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Lavender Country: The Story of the First Openly Gay Country Music Album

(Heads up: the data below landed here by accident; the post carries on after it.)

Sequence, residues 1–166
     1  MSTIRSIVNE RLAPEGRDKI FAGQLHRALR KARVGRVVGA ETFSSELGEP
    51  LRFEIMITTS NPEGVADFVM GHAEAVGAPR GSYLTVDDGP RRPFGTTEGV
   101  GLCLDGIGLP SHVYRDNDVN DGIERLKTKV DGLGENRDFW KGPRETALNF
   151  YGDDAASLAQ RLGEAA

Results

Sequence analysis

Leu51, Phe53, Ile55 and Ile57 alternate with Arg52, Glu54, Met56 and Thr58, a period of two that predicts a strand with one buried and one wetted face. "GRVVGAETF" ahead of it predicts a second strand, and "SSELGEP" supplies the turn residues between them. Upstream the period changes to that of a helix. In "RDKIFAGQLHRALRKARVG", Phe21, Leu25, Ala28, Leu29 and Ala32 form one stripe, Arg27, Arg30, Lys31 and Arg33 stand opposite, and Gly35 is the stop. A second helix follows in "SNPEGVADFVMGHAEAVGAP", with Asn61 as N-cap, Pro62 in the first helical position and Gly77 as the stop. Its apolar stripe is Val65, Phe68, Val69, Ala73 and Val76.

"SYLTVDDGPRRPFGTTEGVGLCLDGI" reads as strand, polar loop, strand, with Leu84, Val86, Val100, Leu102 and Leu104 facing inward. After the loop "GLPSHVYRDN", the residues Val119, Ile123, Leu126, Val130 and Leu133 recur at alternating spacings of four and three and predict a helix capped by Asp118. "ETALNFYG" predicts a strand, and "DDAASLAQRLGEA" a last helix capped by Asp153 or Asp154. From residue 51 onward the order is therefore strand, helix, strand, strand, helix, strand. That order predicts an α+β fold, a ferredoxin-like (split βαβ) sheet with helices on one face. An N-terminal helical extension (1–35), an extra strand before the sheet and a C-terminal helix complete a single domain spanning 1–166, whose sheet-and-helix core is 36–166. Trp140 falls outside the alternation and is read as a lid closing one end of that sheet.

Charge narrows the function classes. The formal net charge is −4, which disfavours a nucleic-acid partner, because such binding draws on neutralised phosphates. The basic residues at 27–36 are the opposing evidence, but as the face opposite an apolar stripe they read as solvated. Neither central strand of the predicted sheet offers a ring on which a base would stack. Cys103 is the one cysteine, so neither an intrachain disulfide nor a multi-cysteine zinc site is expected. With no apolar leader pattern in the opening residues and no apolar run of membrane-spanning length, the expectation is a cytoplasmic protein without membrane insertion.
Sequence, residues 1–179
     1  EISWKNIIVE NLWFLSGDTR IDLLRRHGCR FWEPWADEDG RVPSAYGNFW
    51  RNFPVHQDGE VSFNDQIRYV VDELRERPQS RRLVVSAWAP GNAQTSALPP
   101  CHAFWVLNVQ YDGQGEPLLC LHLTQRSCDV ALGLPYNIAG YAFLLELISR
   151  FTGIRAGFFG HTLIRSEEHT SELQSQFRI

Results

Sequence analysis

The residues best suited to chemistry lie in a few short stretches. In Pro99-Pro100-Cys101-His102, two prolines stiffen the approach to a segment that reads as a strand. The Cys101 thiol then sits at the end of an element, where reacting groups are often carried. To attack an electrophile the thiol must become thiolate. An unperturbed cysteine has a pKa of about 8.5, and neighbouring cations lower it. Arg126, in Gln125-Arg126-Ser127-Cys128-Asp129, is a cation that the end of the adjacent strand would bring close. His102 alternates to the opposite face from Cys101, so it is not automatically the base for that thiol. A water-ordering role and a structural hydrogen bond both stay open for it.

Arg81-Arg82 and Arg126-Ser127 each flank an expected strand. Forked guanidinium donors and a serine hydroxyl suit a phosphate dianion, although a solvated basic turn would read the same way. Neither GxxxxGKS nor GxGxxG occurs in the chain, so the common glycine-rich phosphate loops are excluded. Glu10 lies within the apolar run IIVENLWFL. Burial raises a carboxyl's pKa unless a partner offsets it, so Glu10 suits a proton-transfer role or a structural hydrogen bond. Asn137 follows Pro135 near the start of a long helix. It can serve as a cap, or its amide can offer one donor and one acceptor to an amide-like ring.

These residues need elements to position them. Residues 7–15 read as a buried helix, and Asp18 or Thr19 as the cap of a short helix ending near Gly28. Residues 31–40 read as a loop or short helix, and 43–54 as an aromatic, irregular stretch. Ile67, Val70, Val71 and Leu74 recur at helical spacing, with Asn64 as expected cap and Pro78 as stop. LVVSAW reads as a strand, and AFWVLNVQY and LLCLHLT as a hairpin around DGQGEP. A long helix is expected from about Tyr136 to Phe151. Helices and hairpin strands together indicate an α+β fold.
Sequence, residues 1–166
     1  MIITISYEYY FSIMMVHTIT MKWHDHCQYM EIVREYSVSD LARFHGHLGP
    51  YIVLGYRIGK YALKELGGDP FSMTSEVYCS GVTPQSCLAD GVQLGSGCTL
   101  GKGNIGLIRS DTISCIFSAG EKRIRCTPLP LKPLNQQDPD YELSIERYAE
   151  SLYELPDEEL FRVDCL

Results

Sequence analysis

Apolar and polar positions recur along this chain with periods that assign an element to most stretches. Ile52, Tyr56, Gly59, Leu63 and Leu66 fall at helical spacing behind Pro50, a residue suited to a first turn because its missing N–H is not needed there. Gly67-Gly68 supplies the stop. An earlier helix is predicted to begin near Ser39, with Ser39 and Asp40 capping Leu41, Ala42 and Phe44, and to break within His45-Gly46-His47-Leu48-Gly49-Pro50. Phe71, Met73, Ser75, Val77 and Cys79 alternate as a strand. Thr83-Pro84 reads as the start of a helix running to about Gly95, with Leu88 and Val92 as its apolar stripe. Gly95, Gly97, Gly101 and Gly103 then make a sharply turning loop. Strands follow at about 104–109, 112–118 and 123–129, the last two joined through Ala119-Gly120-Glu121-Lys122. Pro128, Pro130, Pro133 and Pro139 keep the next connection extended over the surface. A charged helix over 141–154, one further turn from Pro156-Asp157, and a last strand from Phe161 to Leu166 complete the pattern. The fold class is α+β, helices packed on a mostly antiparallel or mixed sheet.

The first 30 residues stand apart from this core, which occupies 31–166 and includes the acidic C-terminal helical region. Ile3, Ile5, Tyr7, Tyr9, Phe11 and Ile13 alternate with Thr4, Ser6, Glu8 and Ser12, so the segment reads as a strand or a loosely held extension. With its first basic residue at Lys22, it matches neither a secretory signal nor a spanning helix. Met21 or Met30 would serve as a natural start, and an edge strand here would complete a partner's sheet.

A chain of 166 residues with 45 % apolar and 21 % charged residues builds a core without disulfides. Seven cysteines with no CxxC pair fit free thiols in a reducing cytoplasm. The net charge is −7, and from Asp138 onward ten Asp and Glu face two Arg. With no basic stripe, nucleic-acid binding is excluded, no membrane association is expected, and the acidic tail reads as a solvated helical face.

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For more information and to order the album: http://www.paradiseofbachelors.com/pob-12 http://www.paradiseofbachelors.com/lavender-country See Lavender Country live for the first time in 15 years in L.A. at the Church on York on March 16, 2014: http://wp.me/p2TWC8-1mu http://thechurchonyork.com/ (c) 2014 Paradise of Bachelors Produced, written, and directed by Michael Thomas Connolly Interview by Devon Leger Thanks to Patrick Haggerty, Bobby Inocente (guitar), and Rober Taylor (harmonica) Widely recognized as the first openly gay country music album—and cited as such even by Nashville institutions like the Country Music Hall of Fame and CMT—the landmark self-titled 1973 LP by Lavender Country stands as nothing less than an artifact of courage, a sonic political protest document of enormous power, clarity, and grace. At once a scathing indictment of the injustices perpetrated on the homosexual community, a proud proclamation of gay identity, and a love letter of bracing intimacy and eroticism, the album radically appropriates the signifiers of the conservative country genre, queering its heteronormative vocabulary into a deeply personal language. Songwriter, singer, and guitarist Patrick Haggerty, a fearless first-generation gay liberation activist and artist, seasons his songs with Yippie deviousness; in the manner of the Cockettes, the laughs both sharpen and sweeten the impact. To our ears the inimitable aesthetics and glimpses of cockeyed humor recall some ethereal psych-folk nexus of the Flatlanders and the Holy Modal Rounders as much as any standard country and western forebears, rendering the biting poetry in an even more otherworldly and timeless light. The record reflects Haggerty's experiences: his upbringing on a tenant dairy farm in rural Washington, on the Canadian border; his dismissal from the Peace Corps on the spurious grounds of his sexuality; and his righteous struggles as an outraged young gay man navigating the Pacific Northwest in the immediate aftermath of Stonewall. He designed Lavender Country as a vehicle for what he deems "The Information": valid cultural communications intended to resonate with those unable to access similar resources. (Playing "Cryin' These Cocksucking Tears," one of the indisputably great country song titles ever, cost a brave Seattle DJ her FCC license.) This deluxe reissue includes includes a 32pp chapbook with an oral history by Haggerty, never before published color photos, a download code (vinyl version only), and full lyrics to these ten moving songs of gay liberation. + The first openly gay country album + First-ever vinyl reissue of this countercultural classic + Includes 32 pp. chapbook with an oral history by Patrick Haggerty, curatorial essays by PoB and Jeremy Cargill, and never published color photos + Available on 150g virgin vinyl, in a deluxe limited edition, as well as on CD and digital formats + Vinyl edition includes digital download coupon + When purchased from our website or iTunes, digital edition includes digital liner notes chapbook